Why you've been getting so many privacy policy update emails lately

Mobile Developer

"Updating our Privacy Policy." "Updates to Our Privacy Policy." "Announcing updates to our privacy policy."

The list of updated privacy policies in my inbox goes on and on -- and if you've signed up for an online service or an app, these emails are most likely in your inbox, too. 

It's no coincidence, all of these tech companies suddenly updating their privacy policy. This flood of privacy policy updates is actually coming because of a new European Union law kicking into effect. The General Data Protection Regulation (GDPR) aims to change how tech companies collect and use data from millions of people every day. GDPR now requires companies to explicitly ask to collect your data and allow you to delete any information they collect from you. And while the GDPR may stem from Europe, its effects are a bit more global. GDPR is meant to require companies to be more transparent about their data policies and to give customers more control over their own info.


It’s not just social-media companies such as Facebook, Instagram, and Twitter, which have updated their policies, but ones such as NameSilo, Fitbit, and e-commerce firms, pretty much any tech company that collects data on you for whatever reason.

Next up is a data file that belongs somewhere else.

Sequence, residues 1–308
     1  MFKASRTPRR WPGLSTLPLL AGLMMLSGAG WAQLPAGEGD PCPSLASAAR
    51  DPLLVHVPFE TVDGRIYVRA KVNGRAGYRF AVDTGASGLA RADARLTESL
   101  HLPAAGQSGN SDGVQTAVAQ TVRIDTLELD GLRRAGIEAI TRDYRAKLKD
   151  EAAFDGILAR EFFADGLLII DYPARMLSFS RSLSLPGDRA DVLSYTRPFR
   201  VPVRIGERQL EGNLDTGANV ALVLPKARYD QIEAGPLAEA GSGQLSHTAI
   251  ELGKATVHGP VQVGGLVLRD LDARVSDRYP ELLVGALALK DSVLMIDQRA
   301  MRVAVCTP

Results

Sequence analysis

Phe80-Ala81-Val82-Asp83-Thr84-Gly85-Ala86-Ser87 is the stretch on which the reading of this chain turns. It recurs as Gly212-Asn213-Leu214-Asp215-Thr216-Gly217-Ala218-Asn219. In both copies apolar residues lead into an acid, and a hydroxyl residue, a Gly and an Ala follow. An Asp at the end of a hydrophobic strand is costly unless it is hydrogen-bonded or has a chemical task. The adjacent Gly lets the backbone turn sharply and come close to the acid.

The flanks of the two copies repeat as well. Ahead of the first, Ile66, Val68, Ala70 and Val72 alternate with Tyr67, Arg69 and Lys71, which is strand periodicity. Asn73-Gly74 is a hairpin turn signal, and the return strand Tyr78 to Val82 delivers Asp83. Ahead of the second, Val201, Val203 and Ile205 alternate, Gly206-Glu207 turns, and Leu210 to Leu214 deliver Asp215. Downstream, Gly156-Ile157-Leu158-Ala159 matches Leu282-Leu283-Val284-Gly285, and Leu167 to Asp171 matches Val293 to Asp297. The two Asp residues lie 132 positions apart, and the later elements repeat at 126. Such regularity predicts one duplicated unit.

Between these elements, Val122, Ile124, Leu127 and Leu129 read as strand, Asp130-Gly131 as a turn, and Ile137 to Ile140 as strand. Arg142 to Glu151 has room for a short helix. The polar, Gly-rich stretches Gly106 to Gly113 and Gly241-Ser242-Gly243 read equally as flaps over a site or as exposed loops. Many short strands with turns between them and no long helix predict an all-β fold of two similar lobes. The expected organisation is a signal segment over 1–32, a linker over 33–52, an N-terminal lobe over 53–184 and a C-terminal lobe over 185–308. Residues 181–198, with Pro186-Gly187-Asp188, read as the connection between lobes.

Before the GDPR, implied consent was allowed, meaning that companies could add you to their email lists without directly asking you to opt-in, whether you wanted to be on those lists or not. Now, they need to specify explicitly what they do and don't with your data.

Most likely only a handful of people actually read the policies. If you do skip these updated privacy policies though, you'd be unaware of all the new data protections that GDPR gives. Here's a quick cheat sheet. You're now able to:

Ask a website to delete data that it holds on you

Download all the data that a company has stored on you

Find out how that company is using your data

Any firm that doesn't comply could face fines of up to 4 percent of its global profits.

This all conclude with the idea of protecting the user's data and granting them all the rights over their own data, which is GDPR’s ultimate goals.